|Publication number||US5800880 A|
|Application number||US 08/824,157|
|Publication date||Sep 1, 1998|
|Filing date||Mar 26, 1997|
|Priority date||Mar 26, 1997|
|Also published as||DE69803737D1, DE69803737T2, EP0912775A1, EP0912775B1, WO1998042891A1|
|Publication number||08824157, 824157, US 5800880 A, US 5800880A, US-A-5800880, US5800880 A, US5800880A|
|Original Assignee||Tetra Laval Holdings & Finance, S.A.|
|Export Citation||BiBTeX, EndNote, RefMan|
|Patent Citations (12), Referenced by (8), Classifications (10), Legal Events (7)|
|External Links: USPTO, USPTO Assignment, Espacenet|
1. Field of the Invention
The present invention relates to a process for depositing a silicon oxide barrier layer on a substrate. Specifically, the present invention relates to a process for coating the interior walls of a container with a silicon oxide barrier layer.
2. Description of the Related Art
Containers for chemically sensitive materials such as food products traditionally have been made from inorganic materials such as glass. Glass containers are transparent and permit the consumer to view the contents prior to purchase of the product. Further, glass containers are impermeable to atmospheric gases such as oxygen and hence protect the product. However, glass containers are heavy, expensive and susceptible to breakage. Attempts have been made to maintain the good qualities of glass while avoiding the problems of using glass.
One aspect of the present invention is a process for coating the interior surface of a container. The process includes a number of steps which begin with providing a polymeric container transparent to ultraviolet radiation. The container should have an exterior surface and an interior surface, and should be transparent to ultraviolet radiation. The next step is introducing a gas mixture into the polymeric container. The gas mixture includes an organosilicon precursor gas, an oxidizer gas and a carrier gas. The next step is irradiating the polymeric container and gas mixture therein with ultraviolet radiation for a sufficient time period to react the gas mixture to form a SiOx deposition on the interior surface of the polymeric container.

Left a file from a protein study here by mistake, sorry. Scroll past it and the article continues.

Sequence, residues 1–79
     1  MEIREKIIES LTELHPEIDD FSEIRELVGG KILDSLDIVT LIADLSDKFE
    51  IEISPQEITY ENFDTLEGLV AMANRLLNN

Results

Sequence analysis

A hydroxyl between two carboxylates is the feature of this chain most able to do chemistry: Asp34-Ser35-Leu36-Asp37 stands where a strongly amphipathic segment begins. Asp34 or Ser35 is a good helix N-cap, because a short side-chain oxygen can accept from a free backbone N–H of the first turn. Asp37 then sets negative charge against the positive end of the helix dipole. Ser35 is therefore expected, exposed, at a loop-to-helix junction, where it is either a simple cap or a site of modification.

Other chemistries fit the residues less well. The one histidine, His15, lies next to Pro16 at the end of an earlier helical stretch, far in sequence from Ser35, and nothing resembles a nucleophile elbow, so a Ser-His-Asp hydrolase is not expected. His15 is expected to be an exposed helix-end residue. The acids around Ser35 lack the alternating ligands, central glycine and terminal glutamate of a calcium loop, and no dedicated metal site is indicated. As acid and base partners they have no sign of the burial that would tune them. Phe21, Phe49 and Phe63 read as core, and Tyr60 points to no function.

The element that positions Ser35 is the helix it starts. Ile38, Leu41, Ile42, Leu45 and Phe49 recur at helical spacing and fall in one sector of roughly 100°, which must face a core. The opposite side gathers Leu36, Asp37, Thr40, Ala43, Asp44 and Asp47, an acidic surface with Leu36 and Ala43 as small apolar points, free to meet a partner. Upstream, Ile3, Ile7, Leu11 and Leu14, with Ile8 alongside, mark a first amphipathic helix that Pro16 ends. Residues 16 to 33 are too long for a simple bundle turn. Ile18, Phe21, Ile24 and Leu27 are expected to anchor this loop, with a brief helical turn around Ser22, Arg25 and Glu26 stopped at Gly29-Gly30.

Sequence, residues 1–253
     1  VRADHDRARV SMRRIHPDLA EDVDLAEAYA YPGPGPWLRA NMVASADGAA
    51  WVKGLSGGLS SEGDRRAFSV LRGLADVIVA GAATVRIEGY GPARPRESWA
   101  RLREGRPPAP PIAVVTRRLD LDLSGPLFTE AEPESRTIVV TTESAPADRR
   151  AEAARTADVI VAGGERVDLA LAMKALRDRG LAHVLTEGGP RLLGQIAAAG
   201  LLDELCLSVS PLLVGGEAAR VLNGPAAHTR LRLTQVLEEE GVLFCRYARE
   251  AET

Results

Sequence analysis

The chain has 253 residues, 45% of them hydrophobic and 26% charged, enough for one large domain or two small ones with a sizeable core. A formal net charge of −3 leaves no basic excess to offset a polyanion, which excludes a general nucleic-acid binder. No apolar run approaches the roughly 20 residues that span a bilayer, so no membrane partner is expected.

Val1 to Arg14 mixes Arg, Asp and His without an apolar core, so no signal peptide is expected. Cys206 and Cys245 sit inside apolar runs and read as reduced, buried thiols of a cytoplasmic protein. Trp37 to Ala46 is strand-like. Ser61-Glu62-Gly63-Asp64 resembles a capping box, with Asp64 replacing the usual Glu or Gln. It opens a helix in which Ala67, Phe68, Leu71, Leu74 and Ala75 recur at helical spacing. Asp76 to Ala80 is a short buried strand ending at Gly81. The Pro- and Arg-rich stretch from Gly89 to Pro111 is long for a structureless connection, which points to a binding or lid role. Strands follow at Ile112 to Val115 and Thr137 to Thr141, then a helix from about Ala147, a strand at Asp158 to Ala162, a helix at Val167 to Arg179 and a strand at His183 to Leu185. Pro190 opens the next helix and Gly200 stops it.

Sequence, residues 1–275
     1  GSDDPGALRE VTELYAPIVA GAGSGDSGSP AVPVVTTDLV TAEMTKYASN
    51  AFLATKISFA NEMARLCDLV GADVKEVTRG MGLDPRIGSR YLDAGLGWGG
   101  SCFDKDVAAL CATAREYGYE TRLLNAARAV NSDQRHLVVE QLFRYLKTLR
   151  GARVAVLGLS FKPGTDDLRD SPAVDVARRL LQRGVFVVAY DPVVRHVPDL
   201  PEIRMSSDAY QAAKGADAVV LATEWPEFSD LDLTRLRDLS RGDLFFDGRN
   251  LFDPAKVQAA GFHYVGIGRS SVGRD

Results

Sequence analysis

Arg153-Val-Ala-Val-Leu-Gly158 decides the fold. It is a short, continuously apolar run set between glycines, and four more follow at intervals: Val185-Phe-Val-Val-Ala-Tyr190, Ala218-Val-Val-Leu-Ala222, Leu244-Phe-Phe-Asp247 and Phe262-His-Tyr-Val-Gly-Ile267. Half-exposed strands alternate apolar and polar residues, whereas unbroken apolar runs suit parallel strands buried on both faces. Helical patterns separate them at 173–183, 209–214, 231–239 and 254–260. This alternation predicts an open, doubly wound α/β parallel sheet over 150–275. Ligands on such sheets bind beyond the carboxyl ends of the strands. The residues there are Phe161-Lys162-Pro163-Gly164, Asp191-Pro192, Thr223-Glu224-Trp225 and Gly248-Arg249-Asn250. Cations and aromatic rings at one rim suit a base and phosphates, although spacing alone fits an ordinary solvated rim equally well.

The polymeric container may be composed of a material selected from the group consisting of polyethylene, polypropylene, copolymers of polypropylene, copolymers of polyethylene, polyethylene terphthalate, copolymers of polyethylene terphthalate and mixtures thereof. The organosilicon precursor gas may be selected from the group consisting of organosilicones, organosiloxanes and combinations thereof. The oxidizer gas may be selected from the group consisting of oxygen (O2) and nitrous oxide (N2 O). The carrier gas may be selected from the group consisting of nitrogen, argon and helium.
The step of irradiating the polymeric container and gas mixture may be accomplished by substantially surrounding the polymeric container with a plurality of ultraviolet radiation sources. The process may further include the step of blow molding a bottle by introducing the gas mixture into the polymeric container. The x in the formula SiOx may have a value in the range of approximately 1.5 to 2.5. The step of introducing the gas mixture into the container may be accomplished by a flow pump in flow communication with the polymeric container. The ultraviolet radiation may have a wavelength of 222 nanometers.
Another aspect of the invention is a polymeric container having a SiOx barrier layer deposited on the interior surface of the polymeric container. The polymeric container is fabricated in accordance with a process commencing with the step of providing a polymeric container transparent to ultraviolet radiation. The container has an exterior surface and an interior surface. The next step is flowing a gas mixture into the polymeric container. The gas mixture includes an organosilicon precursor gas, an oxidizer gas and a carrier gas. The next step is irradiating the exterior surface of the polymeric container and the gas mixture in the interior of the polymeric container with ultraviolet radiation for a sufficient time period to react the gas mixture to deposit a SiOx barrier layer on the interior surface of the polymeric container.